Enzyme targeting can alleviate muscle wasting in cancer patients

Enzyme targeting can alleviate muscle wasting in cancer patients



Yi-Ping Li, Ph.D., professor in the Department of Integrative Biology and Pharmacology at McGovern College of Medicine at UTHealth Houston.  (Photo by UTHealth Houston)
Yi-Ping Li, Ph.D., professor in the Department of Integrative Biology and Pharmacology at McGovern College of Medicine at UTHealth Houston. (Photo by UTHealth Houston)


According to research from UTHealth Houston.

Led study Yi Bing LiD., Ph.D., professor in the Department of Integrative Biology and Pharmacology at McGovern College of Medicine in UTHealth Houston, found that an enzyme known as UBR2 plays an important role in cancer-induced muscle wasting, also called cancer cachexia.

The results are published this week in the scientific journal PNAS.

“The findings will fill a major gap in understanding how cancer causes loss of muscle mass and function,” said Lee, senior study author and faculty member at UTHealth Houston Graduate School of Biomedical Sciences and faculty at the University of Texas, UTHealth Houston Graduate School of Biomedical Sciences.

Cancer cachexia is a late-stage complication of cancer in approximately 60% of all cancer patients. Cachexia patients shed body weight loss, mainly due to the gradual loss of muscle mass, causing respiratory and cardiac failure. Approximately 30% of all cancer patients die from cachexia, making complications a major determinant of cancer survival.

Historically, there was no cure for carcinoid cachexia due to a misunderstanding of its origins. Therefore, a major focus of Lee’s lab over the past two decades has been to decipher the molecular mechanisms by which cancer causes cachexia.

Based on a series of discoveries in mice, his lab recently identified the role of the UBR2 enzyme. This is the key enzyme in muscle that searches for heavy chain subtypes of the contractile protein myosin, an important component of maintaining muscle contraction, for destruction in response to cancer.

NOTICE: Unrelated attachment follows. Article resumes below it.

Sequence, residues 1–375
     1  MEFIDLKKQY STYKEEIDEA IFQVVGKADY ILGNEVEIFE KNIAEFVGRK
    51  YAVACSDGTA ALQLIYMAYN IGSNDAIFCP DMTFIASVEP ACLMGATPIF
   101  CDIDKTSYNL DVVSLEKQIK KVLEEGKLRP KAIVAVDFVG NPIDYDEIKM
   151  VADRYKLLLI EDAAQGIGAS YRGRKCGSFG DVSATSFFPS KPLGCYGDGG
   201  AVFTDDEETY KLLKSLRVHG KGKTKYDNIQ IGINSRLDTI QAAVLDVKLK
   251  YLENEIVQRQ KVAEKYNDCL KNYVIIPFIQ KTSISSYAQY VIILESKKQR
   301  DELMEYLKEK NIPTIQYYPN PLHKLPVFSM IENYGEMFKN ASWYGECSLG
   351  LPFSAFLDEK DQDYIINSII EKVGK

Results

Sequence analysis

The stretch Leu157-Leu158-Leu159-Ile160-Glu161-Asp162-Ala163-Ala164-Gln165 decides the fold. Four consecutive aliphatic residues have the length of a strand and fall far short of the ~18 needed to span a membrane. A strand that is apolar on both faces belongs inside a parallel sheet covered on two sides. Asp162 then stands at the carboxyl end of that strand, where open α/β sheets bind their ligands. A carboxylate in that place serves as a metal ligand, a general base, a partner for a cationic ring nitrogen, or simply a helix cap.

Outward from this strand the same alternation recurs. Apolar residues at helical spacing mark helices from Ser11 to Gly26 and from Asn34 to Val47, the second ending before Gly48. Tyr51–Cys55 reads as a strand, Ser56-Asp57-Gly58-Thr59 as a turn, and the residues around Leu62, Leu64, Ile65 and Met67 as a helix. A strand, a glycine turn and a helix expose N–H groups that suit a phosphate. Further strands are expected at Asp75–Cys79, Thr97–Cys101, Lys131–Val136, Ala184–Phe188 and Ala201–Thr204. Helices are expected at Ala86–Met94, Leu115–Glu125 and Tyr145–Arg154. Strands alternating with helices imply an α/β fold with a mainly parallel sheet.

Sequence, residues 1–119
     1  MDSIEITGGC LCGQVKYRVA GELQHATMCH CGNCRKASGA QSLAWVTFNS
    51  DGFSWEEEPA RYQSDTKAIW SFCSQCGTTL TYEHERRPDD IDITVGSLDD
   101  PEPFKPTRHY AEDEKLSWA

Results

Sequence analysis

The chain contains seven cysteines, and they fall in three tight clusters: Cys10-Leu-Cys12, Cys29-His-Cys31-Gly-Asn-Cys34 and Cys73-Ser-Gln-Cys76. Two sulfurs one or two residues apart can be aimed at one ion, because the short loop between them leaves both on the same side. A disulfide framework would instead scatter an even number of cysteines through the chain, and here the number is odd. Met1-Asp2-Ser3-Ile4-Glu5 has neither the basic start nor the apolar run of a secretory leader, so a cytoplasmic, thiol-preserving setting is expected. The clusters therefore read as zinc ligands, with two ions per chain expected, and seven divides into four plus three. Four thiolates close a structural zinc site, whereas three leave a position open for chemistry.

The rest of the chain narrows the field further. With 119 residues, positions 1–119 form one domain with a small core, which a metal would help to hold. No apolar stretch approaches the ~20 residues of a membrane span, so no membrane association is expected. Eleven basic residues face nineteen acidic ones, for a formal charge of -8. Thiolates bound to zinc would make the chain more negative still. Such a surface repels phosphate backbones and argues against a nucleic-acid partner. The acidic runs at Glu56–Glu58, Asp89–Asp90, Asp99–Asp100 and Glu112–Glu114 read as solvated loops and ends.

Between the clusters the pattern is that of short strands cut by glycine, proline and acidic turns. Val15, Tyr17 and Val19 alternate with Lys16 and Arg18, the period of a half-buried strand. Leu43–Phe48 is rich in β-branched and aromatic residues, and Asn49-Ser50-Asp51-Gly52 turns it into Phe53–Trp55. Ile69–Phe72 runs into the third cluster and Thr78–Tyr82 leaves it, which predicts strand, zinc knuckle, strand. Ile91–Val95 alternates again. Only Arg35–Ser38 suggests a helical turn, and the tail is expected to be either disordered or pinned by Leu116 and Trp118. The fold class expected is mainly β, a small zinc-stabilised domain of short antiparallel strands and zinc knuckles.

Cancer causes an increase in UBR2 in muscle, and blocking or removing UBR2 increase saves mice from tumor-induced muscle mass and loss of function. By examining the muscles of cancer patients, the researchers obtained evidence of increased UBR2, which correlates with the specific myosin heavy chain subtype that is preferentially lost in cachexia.

He told me that this discovery is important for the future of cachexia cancer treatment.

“We have learned from animal studies that muscle wasting in cancer hosts can be mitigated by preventing UBR2 increase through repurposing of certain existing medications,” he said. “Based on the results, we plan to conduct clinical trials for the treatment of cancer cachexia.”

The study was funded by two grants from the National Institutes of Health (R01 AR067319 and R01 AR063786).

Song Gao, MD, a former postdoctoral research fellow at McGovern Medical School, was the study’s first author. Co-authors in the Department of Integrative Biology and Pharmacology at McGovern College of Medicine included Yong Zuo, Ph.D., assistant professor, as well as former faculty members Guohua Zhang, Ph.D.; Zicheng Zhang, MD, Ph.D.; James Z. cho; and Lee, Ph.D.

Other co-authors are George J. Rodney Jr., Ph.D., and Rem S. Abu Zahra, Ph.D., both from Baylor College of Medicine in Houston. Lindsey Anderson, PhD, and Jose M. Garcia, MD, PhD, both of VA Puget Sound Healthcare in Seattle; and Young Tae Kwon, Ph.D. from Seoul National University in South Korea.

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